Over the last few months hospitals have been receiving letters from certain insurance companies advising hospital administrators of a “change in policy” which will take effect in the earlier half of this year. Specifically, the change in policy is an attempt by the provider to unilaterally amend the terms of the hospital/insurance provider contract, placing stricter notice requirements on the hospital of in-network patient coverage and requiring hospitals to notify providers within one business day of admission in order to obtain insurance coverage.
If such notice requirements were to take effect, insurance providers could deny hospitals payment and reimbursement of expenses based on a strict timing factor. This change in policy could reduce the amount that insurance providers are required to pay a hospital for its services solely based on this requirement. It is not based on medical necessity; rather it is a purely administrative requirement which is unduly burdensome on hospitals.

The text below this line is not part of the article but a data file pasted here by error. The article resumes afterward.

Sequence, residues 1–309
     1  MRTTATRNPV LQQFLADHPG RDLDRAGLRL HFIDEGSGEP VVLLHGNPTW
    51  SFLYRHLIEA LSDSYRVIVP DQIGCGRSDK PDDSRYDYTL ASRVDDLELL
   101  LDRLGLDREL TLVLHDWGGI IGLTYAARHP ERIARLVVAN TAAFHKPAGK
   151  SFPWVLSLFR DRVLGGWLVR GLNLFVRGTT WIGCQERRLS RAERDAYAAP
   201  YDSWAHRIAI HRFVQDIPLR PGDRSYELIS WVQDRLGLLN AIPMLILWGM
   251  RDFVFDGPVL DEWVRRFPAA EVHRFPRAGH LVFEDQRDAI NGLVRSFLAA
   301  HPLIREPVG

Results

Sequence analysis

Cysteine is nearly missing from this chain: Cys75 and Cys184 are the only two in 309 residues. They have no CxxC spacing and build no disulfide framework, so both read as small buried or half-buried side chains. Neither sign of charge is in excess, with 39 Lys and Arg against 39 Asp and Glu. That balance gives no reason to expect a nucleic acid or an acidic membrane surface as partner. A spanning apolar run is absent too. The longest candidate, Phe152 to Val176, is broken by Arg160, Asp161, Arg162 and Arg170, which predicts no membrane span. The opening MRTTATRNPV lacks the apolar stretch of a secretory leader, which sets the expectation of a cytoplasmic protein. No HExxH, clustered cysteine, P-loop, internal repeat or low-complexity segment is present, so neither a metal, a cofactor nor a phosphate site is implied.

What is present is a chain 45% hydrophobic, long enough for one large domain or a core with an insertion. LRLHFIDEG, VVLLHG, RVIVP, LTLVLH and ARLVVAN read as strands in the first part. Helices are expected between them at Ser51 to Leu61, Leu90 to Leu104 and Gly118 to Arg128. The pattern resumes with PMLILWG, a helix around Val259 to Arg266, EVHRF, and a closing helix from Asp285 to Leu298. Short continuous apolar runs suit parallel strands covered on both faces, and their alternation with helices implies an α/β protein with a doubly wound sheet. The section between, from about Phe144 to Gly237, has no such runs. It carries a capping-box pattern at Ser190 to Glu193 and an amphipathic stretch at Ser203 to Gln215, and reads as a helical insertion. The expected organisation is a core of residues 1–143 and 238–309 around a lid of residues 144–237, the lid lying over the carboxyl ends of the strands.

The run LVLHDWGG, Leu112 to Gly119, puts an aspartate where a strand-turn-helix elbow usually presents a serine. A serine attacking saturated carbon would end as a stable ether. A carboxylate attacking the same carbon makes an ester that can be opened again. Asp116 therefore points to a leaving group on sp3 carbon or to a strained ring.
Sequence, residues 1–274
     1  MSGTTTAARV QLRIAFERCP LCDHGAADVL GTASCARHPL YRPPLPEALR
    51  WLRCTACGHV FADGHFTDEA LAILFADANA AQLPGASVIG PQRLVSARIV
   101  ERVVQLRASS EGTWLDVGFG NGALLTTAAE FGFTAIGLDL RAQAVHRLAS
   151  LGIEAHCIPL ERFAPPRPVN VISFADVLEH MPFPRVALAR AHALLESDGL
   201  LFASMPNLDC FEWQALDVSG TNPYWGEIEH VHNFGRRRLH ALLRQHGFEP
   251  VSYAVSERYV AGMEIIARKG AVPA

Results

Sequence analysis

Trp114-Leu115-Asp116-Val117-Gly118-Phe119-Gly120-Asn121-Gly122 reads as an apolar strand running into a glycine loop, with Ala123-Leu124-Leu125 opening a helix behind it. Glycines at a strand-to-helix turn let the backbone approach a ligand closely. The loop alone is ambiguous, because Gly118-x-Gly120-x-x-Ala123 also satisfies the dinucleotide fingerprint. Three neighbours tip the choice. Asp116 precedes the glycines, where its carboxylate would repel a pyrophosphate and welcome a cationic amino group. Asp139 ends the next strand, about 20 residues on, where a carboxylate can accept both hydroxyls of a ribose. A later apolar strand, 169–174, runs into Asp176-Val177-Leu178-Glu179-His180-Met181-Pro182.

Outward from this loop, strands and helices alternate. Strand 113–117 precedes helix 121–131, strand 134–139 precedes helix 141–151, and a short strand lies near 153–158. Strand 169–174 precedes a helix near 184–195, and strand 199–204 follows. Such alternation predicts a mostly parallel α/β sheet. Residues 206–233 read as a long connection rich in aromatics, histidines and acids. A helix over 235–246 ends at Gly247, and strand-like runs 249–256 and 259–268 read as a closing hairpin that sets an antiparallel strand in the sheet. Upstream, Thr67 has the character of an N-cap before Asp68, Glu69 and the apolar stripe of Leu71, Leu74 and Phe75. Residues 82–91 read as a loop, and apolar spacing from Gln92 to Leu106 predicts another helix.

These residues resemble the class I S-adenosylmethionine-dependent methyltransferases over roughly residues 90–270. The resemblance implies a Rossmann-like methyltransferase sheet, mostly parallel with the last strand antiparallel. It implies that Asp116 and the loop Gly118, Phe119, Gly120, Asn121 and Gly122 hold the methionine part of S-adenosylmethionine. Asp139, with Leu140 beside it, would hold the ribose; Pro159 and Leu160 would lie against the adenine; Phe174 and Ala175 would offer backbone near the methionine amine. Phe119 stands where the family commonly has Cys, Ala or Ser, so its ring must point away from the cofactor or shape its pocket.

Hospital administrators and legal counsel faced with such notices must address the letter in a way to best preserve the interests of the hospital at no expense to the type or quality of patient services provided. Unfortunately, the undersigned has found little to no statutory or regulatory authority to help resolve this issue, and state insurance and health care agencies have offered little guidance on this matter. Although the New Jersey Hospital Association is aware of the letters insurance providers are sending out, they have not yet commented on how the “change in policy” is being addressed.